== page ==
Wednesday, July 18, 2012

Brazil Continues Lowering Rates

Last week, Brazil lowered its interest rate from 8.5% to 8%.  This is yet another cut in a long series of cuts as shown in this chart:

To explain the move, let's first look at overall GDP:

This is the chart that is sending the overall warning signal to the to central bank.  Overall growth continues to move lower.  This courttrend has been in place for over two years, now standing near 0%.  Simply put, this is a chart that requires action.

Bolstering the urgency of the GDP chart is the overall, year-over-year decline in industrial production.  This trend is strongly lower, and has been in place for the last half year.

Also consider this information:
The Economic Activity Index of the BCB (IBC-Br) incorporates estimates for the monthly production of the three sectors of the economy, as well as for taxes on products, and constitutes an important coincident indicator of economic activity. Considering seasonally adjusted data, the IBC-Br decreased by 0.4% in March, the same change observed in February, after a fall of 0.3% in January. Thus, the indicator increased 0.15% in the first quarter of 2012, quarter-over-quarter, and increased 1.1% year-over-year. In twelve months, the growth rate has been slowing since November 2010, and reached 1.8% in March. On its turn, the Consumer Confidence Index (ICC), from Getúlio Vargas Foundation (FGV), recorded slight decline in May, after reaching, in April,  the highest level of the series started in September 2005. The Confidence Index Sector Services (ICS) decreased in April, after recording increases in February and March
Let's next look at the inflation excerpts the most recently released central bank policy minutes from the May 29th meeting.  Remember that in looking at these, we have about a month and half's worth of information missing.  I'll fill in the blanks wherever possible.
Monthly inflation measured by the Extended Consumer Price Index (IPCA) reached 0.64% in April (0.21% in March and 0.45% in February), resulting in the seventh consecutive retreat of twelve-month trailing inflation,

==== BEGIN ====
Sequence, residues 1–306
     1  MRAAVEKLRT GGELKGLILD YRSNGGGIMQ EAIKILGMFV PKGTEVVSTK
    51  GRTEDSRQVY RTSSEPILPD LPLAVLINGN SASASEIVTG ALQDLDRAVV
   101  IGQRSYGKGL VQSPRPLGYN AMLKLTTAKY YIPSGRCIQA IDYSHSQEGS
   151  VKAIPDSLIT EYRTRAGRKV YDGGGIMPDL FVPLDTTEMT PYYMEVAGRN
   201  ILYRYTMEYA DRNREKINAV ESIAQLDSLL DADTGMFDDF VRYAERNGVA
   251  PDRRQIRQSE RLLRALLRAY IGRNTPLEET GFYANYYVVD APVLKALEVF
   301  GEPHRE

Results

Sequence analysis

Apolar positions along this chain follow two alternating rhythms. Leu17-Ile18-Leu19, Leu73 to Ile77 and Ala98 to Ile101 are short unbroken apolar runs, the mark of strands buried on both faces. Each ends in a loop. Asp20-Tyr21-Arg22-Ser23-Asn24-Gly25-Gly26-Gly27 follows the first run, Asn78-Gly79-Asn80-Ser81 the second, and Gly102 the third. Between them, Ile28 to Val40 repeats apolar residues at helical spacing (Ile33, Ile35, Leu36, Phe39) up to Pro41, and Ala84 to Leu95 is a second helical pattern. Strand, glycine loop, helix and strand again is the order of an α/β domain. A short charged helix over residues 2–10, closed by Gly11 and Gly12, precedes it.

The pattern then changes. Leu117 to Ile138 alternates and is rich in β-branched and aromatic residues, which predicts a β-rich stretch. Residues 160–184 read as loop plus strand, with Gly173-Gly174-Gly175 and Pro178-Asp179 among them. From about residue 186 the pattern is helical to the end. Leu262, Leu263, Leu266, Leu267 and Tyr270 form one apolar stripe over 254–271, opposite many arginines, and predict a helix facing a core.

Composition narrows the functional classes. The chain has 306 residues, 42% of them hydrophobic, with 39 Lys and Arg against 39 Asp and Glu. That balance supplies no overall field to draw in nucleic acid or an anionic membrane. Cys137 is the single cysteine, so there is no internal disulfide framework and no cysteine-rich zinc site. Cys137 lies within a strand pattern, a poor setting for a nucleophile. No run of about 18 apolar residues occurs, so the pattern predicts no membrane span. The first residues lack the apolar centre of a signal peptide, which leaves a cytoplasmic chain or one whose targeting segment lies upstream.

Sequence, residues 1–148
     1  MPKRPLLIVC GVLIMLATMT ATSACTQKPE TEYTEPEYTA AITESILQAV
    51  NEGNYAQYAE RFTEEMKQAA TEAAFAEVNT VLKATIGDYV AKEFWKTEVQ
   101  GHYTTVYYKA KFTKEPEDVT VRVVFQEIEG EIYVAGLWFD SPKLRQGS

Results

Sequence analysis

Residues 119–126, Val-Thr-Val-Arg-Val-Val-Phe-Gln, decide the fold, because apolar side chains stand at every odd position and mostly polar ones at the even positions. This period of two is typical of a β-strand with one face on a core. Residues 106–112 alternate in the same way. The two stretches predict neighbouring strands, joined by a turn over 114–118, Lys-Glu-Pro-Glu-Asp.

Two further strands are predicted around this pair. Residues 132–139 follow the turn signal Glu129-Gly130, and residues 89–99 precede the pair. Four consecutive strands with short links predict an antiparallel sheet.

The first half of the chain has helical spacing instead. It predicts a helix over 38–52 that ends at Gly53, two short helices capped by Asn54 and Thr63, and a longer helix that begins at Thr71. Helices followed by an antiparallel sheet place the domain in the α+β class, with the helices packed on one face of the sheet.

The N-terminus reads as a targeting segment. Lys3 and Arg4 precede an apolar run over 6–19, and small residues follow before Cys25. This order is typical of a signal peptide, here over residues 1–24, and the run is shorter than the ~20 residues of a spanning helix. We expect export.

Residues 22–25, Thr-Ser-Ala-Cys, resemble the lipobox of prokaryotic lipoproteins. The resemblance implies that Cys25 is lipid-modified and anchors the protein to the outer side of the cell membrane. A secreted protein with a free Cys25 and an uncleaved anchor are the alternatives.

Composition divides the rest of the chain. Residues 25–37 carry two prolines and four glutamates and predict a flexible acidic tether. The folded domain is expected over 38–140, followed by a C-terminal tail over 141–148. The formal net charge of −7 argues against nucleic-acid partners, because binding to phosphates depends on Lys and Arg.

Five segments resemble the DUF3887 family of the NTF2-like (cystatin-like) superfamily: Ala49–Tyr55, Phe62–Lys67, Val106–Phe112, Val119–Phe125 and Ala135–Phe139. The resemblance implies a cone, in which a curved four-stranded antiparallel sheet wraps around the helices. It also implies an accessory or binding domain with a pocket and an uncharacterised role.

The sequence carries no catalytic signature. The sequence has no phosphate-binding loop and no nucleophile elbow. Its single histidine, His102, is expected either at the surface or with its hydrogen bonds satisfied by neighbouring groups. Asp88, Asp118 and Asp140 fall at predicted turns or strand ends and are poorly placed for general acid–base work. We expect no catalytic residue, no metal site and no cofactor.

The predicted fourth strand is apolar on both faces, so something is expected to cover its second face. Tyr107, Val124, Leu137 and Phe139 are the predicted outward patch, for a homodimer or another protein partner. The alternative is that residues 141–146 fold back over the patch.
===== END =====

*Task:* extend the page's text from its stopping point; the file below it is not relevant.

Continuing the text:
which moved from 5.24% in March to 5.10% in April (6.51% in April 2011). Market prices inflation increased 5.63% in the twelve months through April (6.84% in April 2011), while regulated prices inflation reached 3.73%
(5.73% in April 2011). Regarding market prices, it bears highlighting that tradable goods inflation increased 3.36% in the twelve months through April, while inflation related to non-tradable goods increased 7.69%, compared to 6.03% and 7.55% in the same period of 2011, respectively. Specifically on services, inflation in this segment reached 0.77% in April, after rising 0.52% in March, totaling 8.00% in the twelve months through April (down from 8.57% registered in April 2011). In short, despite the fact that services inflation still remains at high levels, the set of available information suggests a declining trend of inflation on a twelve-month accumulated basis towards the inflation target.
Here is a chart of overall inflation rate:

This chart is essentially giving the central bank permission to lower rates.  Notice the continued and strong decline starting in mid-2011 and continuing until now.  Brazil was long plagued by high rates, which explains why they have some of the highest rates in the world.

Brazil's policy dilemma is best explained by the following quote from the Financial Times:
After the first decade of the century, in which everything seemed to fall into place for Brazil, policy makers are now abruptly being forced to rethink the country’s strategic direction. The issue at stake: what kind of economy does Brazil want and how big the role of the state should be?

“We want to consume like US consumers, we want to have the public services of the Europeans but we want to grow like an emerging market, so something has to give,” said Ilan Goldfajn, chief economist at Itaú, Brazil’s largest private sector bank.

It is a question troubling not just Brazil but all emerging markets. With the European, US and Japanese models looking battered, there are few global gold standards left to guide policy makers through the gathering storm clouds. Indeed, the next few years will be critical for the direction of the world economy as each of the Bric nations – Brazil, Russia, India and China – is tempted to revert to old socialist or statist habits to protect jobs and markets.